It is Written: Rev 8:8 And the second angel sounded, and as it were a great mountain burning with fire was cast into the sea: and the third part of the sea became blood;
    Rev 8:9 And the third part of the creatures which were in the sea, and had life, died; and the third part of the ships were destroyed.

    I asked them to draw a picture of a sea of humanity….they all drew tall buildings then I asked them cast “something like a great mountain burning with fire” into the Sea of Humanity….

    ALL SEVEN PRETEENS: Drew a picture of 9-11-2001 in New York City…but consider Washington D. C. When a “third world army invaded Washington and attempted to destroy the Pentagon and White House.”

    There MORE BIBLE SYMBOLS…when you consider Lucifer confused a third part of the angels to be disloyal to Gods Government….Rev_12:4 And his tail drew the third part of the stars of heaven, and did cast them to the earth: and the dragon stood before the woman which was ready to be delivered, for to devour her child as soon as it was born.

    Rev 11:18 And the nations were angry, and thy wrath is come, and the time of the dead, that they should be judged, and that thou shouldest give reward unto thy servants the prophets, and to the saints, and them that fear thy name, small and great; and shouldest destroy them which destroy the earth.

    “The FEAR OF THE LORD IS THE BEGINNING OF WISDOM” Psa 111:10 The fear of the LORD is the beginning of wisdom: a good understanding have all they that do his commandments: his praise endureth for ever.

    Can you image my father returning from World War II, as non combatant, a friend of Desmond Doss, the hero of Hacksaw Ridge. . .teaching us to FEAR THE LORD….rather than man, nature or the devil?

    BIBLE WORDS…..embedded in GOD COMING TO DESTROY….THE DESTROYER…the angel, the robot HE CREATED…that is trying to undermine the GOVERNMENT OF GOD…..has a name as THE DESTROYER….

    I would rather plant my feet on the SOLID ROCK…JESUS CHRIST…and KNOW HE KNEW…before the world began…that SATAN would be defeated! Because we see his heart is like a stone, hardened.

    I search my heart daily because I want no part in breaking the heart of my Saviour!

    tu for allowing me freedom of speech..

    THEREDHORSEWAR.com blog on word press

  13. It is a very dispensational feature to read the scriptures literally. It keeps a person from coming up with spiritualized conclusions that were definitely not the original intentions of a certain passage. Reading Revelation literally, however, would help the reader understand the different creative forms of word play. It is just like English in that aspect. There is no way we would read a Facebook conversation now days and take it at face value. How many people have actually ROFLed in their life? Understanding context and word usage will allow a reader to understand that the Dragon and the Great Whore are indeed metaphors or allegories. One has to be very careful in interpreting Revelation because it can be so easy to tag Oprah as the Anti-Christ (maybe she is) or use numerology skills to determine when the Rapture is going to happen. Revelation is going to play out whether or not we understand it. So in my opinion, we should stop worrying about what images mean because like the article says, we will at least be somewhat wrong. Just keep trusting Christ and all things will be fine.

  14. It can be so easy to swing from one extreme to the other. In the case of not taking the interpretation to be as literal as it may be, you may miss the specific ideas and details that John was trying to convey in his writings. For instance, I believe that John, in Revelation 4, was accurately describing the things that he was seeing, to the best of his ability—and as far as the human vocabulary could correctly explain the heavenly things. The worship described in heaven is something that is, more than likely, actually happening at all times. The description of the twenty-four elders is most likely accurately described. The description is perfectly detailed, yet vague, to give a good depiction of the truth.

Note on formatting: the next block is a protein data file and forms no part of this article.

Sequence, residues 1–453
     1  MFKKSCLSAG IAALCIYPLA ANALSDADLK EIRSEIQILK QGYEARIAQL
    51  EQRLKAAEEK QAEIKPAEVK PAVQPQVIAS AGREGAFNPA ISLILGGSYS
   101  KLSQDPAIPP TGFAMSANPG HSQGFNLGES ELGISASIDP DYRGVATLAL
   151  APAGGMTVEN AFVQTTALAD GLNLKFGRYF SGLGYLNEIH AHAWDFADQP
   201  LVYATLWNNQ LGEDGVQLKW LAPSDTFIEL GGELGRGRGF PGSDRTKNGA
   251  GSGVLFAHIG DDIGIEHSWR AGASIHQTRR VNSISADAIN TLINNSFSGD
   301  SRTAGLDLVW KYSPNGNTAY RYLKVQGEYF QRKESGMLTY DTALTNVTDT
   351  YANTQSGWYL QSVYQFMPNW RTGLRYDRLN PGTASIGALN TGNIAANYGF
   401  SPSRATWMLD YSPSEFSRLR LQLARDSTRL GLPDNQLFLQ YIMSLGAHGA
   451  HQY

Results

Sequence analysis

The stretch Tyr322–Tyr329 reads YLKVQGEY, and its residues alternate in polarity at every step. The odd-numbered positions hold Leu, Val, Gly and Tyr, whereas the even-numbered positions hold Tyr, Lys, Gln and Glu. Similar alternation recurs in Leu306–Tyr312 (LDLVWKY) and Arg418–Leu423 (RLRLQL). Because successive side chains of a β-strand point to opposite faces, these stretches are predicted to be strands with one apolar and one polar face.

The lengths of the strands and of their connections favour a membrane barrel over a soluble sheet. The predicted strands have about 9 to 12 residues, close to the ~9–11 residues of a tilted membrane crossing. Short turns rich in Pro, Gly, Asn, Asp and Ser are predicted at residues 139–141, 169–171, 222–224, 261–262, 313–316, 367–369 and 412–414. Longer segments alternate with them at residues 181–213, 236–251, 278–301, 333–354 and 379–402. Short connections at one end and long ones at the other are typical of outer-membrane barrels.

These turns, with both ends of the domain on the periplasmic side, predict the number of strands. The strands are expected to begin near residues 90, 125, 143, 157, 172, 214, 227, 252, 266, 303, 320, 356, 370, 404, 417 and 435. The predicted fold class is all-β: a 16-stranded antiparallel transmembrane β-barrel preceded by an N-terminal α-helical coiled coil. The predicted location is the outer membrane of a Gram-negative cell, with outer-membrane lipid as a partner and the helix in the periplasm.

In the other extreme, you may end up like Hal Lindsey, as in your example, and read too far into the text, while simultaneously not reading far enough into it.
    For instance, in Revelation 12—titled “The Woman and the Dragon”—we are given the description of a woman who is “clothed with the sun, with the moon under her feet, and on her head a crown of twelve stars” (Revelation 12:1). The text goes on to describe her giving birth, and describe a dragon that was going to eat her child (pretty graphic…). If we were to take this all to the very literal extreme, we would miss the whole point of this description by John; unfortunately thinking that we have all the answers. However, this story is actually about the woman that is meant to represent “a great sign in heaven…her clothing with sun, moon, and twelve stars…she symbolizes Israel” (ESVSB notes, 12:1-2). By reading too far into the text, yet not far enough, you will miss the whole point of the vision. As you stated so well, “Literal interpretation does not mean that we take the words as the read on the page…recognize when the author intentionally used metaphors or other figures of speech…attempt to read those metaphors as he originally intended them.”

  15. Both extremes–the literal and metaphorical interpretation–are tempting because the book of Revelation, in its very nature, is quite bizarre. The imagery shown in the text is certainly very obscure, and if we were to re-write the book, as some authors have, we would choose more appropriate and culturally relevant metaphors. Just when you think that Revelation ought to be interpreted literally, you come across a passage like Revelation 9:10, and either you go to the extreme like Hal Lindsey and stick to your guns, or you abandon your position altogether and adopt a more liberal approach. So, it would seem that some passages in Revelation demand a literal interpretation, and without it you would not be able to understand the text correctly. But then, on the other hand, other passages– if they were interpreted in the same way–would seem frankly ridiculous, and so for these portions you would use a different approach. In other words, balance and humility–like it was stated in the above essay–are crucial. You need to have both. How do you know which one to use? Well, you merely need to read with diligence and attentiveness to the nuances of the text. Revelation chapters 2-3 are obviously about real places, and therefore the text must be read with a literal interpretation, and it is easy to see that John intended it to be so. In other places, like Revelation 9, what method we must use is a little bit more confusing. But we must do our best to find out what the original intention was behind the writings. This is absolutely critical!